Last Updated on 14 October, 2021 by Samuelsson
A day trading career may have some attractive features, such as being your own boss, working with your own timetable, doing it from the comfort of your own home and even in your pajamas if you want, not dealing with difficult people, and so on. But how much capital do you need to become a day trader?
Well, there is no simple answer to this because everyone’s goals and financial situations are different, and moreover, the security and market you intend to trade matter a lot. In the U.S. stock market, you are expected to maintain a $25,000 to be able to place more than 4 trades in 5 consecutive trading days. However, while you can still day-trade stocks if you don’t have up to that amount, you should start with an amount that can cover all the necessary costs and still allow you to make a reasonable return for your effort.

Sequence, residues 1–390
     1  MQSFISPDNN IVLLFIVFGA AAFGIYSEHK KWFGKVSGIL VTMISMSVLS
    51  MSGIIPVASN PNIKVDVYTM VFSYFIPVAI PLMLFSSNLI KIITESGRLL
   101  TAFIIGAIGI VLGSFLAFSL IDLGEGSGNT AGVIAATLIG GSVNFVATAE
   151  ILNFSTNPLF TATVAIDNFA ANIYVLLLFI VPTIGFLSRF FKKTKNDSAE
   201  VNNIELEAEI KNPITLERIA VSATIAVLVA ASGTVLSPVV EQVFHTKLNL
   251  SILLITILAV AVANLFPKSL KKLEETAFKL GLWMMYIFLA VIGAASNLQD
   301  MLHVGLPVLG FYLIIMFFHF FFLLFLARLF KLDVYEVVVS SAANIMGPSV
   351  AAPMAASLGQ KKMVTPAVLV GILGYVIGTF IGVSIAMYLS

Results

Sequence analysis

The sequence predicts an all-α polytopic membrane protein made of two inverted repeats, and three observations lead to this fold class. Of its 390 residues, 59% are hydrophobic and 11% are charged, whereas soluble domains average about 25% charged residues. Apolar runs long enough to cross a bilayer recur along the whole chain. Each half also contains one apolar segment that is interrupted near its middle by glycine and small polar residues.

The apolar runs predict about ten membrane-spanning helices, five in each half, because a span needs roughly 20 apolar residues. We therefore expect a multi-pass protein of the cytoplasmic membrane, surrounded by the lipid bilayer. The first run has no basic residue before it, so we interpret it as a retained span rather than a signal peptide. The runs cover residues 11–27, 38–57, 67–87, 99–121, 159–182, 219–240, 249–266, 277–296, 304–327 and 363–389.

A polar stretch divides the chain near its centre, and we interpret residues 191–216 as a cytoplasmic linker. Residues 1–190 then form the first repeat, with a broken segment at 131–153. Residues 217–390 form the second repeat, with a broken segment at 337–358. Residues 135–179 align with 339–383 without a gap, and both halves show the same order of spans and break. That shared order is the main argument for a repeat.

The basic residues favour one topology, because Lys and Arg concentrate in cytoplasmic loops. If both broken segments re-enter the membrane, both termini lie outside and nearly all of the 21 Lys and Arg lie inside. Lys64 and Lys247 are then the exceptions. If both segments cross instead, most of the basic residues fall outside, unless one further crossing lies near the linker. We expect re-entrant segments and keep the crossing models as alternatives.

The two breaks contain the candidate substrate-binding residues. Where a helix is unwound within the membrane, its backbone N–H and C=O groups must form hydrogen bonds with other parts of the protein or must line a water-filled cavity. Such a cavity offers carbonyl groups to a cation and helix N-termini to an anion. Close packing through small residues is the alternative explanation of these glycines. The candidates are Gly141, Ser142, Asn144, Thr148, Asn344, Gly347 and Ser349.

In this post, you will learn the factors that affect how much you will need for day trading, the pattern day trader rule in the US, and how to estimate how much to budget for your day trading. But first, we will explain what it means to be a day trader.
What it means to be a day trader
A day trader refers to someone who buys and sells a financial security on the same trading day. This style of trading is called day trading and can be used in any market, but it is most commonly practiced in the Forex and stock markets. Since the Forex market is decentralized and trades all day long across different sessions, day traders in the forex market can trade at any time they want but must close their trades on the same day. In the stock market, on the other hand, the trades are usually placed after the market opens and closed before the closing bell, so day traders have to trade during those hours.
Making money from day trading requires a good strategy with a proven edge in the market, which the day trader must execute very efficiently. Since it is normal to use leverage and short-term trading strategies to capitalize on small price movements that occur in highly liquid stocks, a day trader must have a robust trading plan and always follow the plan.